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Obama's second inaugural speech: 6 things he should say
The second inaugural is rarely memorable, but President Obama can defy history on Jan. 21, and maybe even change it
President Obama waves after his inaugural address in 2009.
President Obama waves after his inaugural address in 2009. Alex Wong/Getty Images
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resident Obama will stand on the steps of the U.S. Capitol on Jan. 21 and deliver his second inaugural address, giving him a chance to reach one of the largest audiences of his second term. The stakes are high — as Obama faces a nation still struggling to emerge from a brutal recession and riven by political polarization — but the expectations really aren't. Abraham Lincoln's second inaugural "was perhaps the greatest speech of any kind," Martin Medhurst, an expert on presidential rhetoric at Baylor University, tells the Pittsburgh Tribune-Review. But very few presidents have delivered even very good ones, and "of the 20th century presidents, it's not so much that their second inaugurals were terrible, it's just that they are not memorable." If Obama wants to aim more for Lincoln than, say, Richard Nixon, here are six things he should do or say to start off his second term on a high note:

1. Obama has to say something new and exciting
"If you are an eloquent president, as I think Obama is, the second inaugural presents a big challenge because if you've given a really good first inaugural — which I think he did — that sets the standard," says Baylor's Martin Medhurst. He'll have to deal with political reality, of course, and "basic gridlock between the executive and legislative branches is a fact of life" that can't be ignored. But for the speech to be memorable, Obama must "have a new idea, an idea that is fresh and different and forward-looking." And for that idea to stick, he has to express it "in language that is unusual."

2. He should lay down a marker against political nihilism
The big idea Obama has to get across is a pledge to "commit himself and his administration to a second-term that will rise above politics and work to help Americans moving forward," says Mark Kogan at PolicyMic. But he can't do that by himself, so he also needs to "address the blatant obstructionism coming from the political Right but without castigating the whole party." After a first term "marred by an image of a leader who backed down when confronted by Republican opposition and failed to flex his muscle to push through his agenda," Obama needs to "make it clear that anyone who wants to play politics with America's future is going to be met aggressively by an administration and a president with a zero tolerance policy for political nonsense."

3. He needs to reach out a bipartisan hand
"My advice to President Obama's speechwriters," says Mary Kate Cary at U.S. News, is to clear the air of partisan rancor by "offering a hand" to his Republican opponents. "The inaugural address is a great opportunity for the president to persuade without insulting, to make his best case, and most of all, to understand and appeal to the values of those on the other side — something he's really never done." Specifically, Obama should "invite Republicans to join him in bipartisan votes on the big challenges facing our country," like immigration and the fiscal crisis, and "take their views into account and meet them halfway." I suspect Obama will "try to find some kind of uniting theme to bring the country together," Liz Marlantes of The Christian Science Monitor said on The Chris Matthews Show. But the speech will only be remembered in light of "what the president does" in his second term.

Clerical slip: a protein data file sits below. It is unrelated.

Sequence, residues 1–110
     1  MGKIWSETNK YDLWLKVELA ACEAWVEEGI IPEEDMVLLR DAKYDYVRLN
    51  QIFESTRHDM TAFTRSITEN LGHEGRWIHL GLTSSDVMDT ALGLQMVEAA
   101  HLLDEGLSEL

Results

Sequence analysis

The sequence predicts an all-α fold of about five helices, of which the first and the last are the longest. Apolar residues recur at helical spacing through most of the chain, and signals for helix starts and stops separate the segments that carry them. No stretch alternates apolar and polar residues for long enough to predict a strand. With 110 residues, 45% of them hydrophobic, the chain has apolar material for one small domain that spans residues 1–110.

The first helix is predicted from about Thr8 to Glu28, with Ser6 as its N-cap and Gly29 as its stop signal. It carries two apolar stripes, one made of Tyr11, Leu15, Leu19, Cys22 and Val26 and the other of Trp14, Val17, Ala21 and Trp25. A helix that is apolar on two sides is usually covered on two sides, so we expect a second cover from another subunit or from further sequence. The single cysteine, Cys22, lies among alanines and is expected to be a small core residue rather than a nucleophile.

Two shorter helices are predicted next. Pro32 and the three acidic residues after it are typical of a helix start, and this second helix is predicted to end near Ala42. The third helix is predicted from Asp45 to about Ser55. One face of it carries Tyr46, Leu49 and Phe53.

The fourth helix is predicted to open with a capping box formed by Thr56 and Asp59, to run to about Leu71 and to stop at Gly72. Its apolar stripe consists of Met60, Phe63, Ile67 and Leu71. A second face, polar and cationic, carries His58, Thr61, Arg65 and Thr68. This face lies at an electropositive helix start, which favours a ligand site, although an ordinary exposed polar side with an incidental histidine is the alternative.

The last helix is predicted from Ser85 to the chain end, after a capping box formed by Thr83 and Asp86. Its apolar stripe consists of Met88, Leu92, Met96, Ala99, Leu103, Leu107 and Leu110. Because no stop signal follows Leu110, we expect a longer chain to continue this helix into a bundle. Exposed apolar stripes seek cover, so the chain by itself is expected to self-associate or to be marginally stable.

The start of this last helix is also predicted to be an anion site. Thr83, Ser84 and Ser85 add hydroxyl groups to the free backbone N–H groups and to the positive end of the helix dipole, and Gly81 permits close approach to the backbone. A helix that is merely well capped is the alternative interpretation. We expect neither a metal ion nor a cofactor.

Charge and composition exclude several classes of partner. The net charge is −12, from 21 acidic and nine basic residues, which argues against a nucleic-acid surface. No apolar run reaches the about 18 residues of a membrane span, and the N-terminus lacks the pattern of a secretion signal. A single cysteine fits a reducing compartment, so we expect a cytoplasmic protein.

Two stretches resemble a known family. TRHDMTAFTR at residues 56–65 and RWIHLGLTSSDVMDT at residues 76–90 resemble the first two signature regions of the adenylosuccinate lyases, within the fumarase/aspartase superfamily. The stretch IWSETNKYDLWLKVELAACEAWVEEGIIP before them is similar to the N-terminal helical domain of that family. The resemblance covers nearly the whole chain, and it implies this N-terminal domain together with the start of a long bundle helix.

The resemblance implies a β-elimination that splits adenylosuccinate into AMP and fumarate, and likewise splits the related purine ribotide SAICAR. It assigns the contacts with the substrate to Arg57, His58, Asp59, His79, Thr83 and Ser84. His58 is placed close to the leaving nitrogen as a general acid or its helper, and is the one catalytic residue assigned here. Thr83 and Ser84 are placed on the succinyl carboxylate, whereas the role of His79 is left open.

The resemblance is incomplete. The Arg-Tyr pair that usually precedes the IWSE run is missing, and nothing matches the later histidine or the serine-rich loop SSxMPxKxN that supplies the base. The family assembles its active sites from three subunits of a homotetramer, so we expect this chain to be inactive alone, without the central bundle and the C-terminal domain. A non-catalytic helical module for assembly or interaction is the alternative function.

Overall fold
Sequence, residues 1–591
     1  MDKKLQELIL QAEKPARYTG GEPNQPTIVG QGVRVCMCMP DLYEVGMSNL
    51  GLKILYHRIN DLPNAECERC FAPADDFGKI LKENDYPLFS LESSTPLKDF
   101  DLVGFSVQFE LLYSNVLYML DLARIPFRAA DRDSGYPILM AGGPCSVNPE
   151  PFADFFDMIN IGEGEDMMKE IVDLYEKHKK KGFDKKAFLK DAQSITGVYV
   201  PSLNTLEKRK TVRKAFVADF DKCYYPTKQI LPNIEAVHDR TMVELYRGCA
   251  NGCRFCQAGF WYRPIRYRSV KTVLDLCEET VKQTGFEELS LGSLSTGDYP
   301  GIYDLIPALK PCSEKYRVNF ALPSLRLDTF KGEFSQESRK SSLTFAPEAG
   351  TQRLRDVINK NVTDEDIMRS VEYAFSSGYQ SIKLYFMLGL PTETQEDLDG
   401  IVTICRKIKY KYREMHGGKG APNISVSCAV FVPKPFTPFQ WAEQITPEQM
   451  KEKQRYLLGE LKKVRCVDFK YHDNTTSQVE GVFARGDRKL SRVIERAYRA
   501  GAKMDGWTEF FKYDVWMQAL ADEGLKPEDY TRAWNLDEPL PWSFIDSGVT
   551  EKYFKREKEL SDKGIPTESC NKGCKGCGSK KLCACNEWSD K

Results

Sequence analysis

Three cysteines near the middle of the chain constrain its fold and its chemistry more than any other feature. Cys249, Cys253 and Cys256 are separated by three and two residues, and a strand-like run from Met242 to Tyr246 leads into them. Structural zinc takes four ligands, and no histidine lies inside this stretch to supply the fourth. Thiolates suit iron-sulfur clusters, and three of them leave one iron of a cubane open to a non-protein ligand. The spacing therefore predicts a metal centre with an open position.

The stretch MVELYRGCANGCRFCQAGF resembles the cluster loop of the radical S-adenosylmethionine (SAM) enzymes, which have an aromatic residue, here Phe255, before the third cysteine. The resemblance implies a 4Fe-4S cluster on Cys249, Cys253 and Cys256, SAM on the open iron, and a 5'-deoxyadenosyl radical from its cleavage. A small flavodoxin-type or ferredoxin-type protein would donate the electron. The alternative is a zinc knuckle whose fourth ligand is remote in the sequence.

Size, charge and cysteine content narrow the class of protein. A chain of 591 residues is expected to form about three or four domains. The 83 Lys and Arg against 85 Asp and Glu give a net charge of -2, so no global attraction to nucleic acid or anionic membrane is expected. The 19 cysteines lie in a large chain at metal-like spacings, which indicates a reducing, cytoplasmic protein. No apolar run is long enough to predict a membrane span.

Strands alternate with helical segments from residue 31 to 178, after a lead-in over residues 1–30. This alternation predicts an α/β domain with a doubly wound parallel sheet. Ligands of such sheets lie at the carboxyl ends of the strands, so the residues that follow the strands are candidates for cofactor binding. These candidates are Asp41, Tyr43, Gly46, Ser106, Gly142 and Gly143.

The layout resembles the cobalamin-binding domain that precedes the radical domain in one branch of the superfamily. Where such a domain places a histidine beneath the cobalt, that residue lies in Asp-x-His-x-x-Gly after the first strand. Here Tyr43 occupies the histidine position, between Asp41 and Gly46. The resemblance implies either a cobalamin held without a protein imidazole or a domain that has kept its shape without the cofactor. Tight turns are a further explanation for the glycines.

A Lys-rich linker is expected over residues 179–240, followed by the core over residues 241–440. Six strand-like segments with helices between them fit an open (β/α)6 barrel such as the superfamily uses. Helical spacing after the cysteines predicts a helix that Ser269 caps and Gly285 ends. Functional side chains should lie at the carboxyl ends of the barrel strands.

4. Obama should lay out his second term priorities
Obama's not "going to use the entire speech on Inauguration Day to try to bridge all of the cultural and social divide in the country," Howard Fineman told Chris Matthews. At this point, Obama realizes he's "not going to be able to bring over" the Tea Partiers, for example. In his big address, "I think he has a to-do list." The window to get things done in second terms is notoriously narrow, says Susan Page in USA Today. "That means Obama's major legislative initiatives for his second term probably need to be spotlighted in his inaugural address next week and detailed in the State of the Union speech that follows next month."

5. He should address America's social inequality
Obama certainly faces a "gargantuan rhetorical dilemma" in his second inaugural, says Rev. William H. Lamar IV at The Huffington Post. To deliver on his promise, he must "say words that challenge us like Lincoln and inspire us like Kennedy," offering hard truths but also "a compelling vision for a future that beckons us forward together." Two areas that need his attention are America's "abhorrent" poverty rate and the yawning inequality in good public education. When historians look back, "may it be said that the words of your second inaugural address were beautiful, but the work of your second administration made America a more just nation and the world a more peaceful place."

6. He needs to orchestrate a "wow" moment
It's more likely that Obama will address "the theme of middle-class empowerment that was the backbone of his 2012 election message," says Jake Parent at PolicyMic. But words are only part of the equation. For this to be a memorable second inaugural, Obama should take a page from Ronald Reagan and "hit the American people over the head with something they've never seen before." In Reagan's first inaugural, the TV cameras for the first time panned out away from the speech toward Arlington and the rest of America — "in the eye of the viewer, it was a magical moment that highlighted Reagan's call to move power away from Washington." If Obama can mix message with medium that deftly, expect "a speech that will be remembered for years to come."

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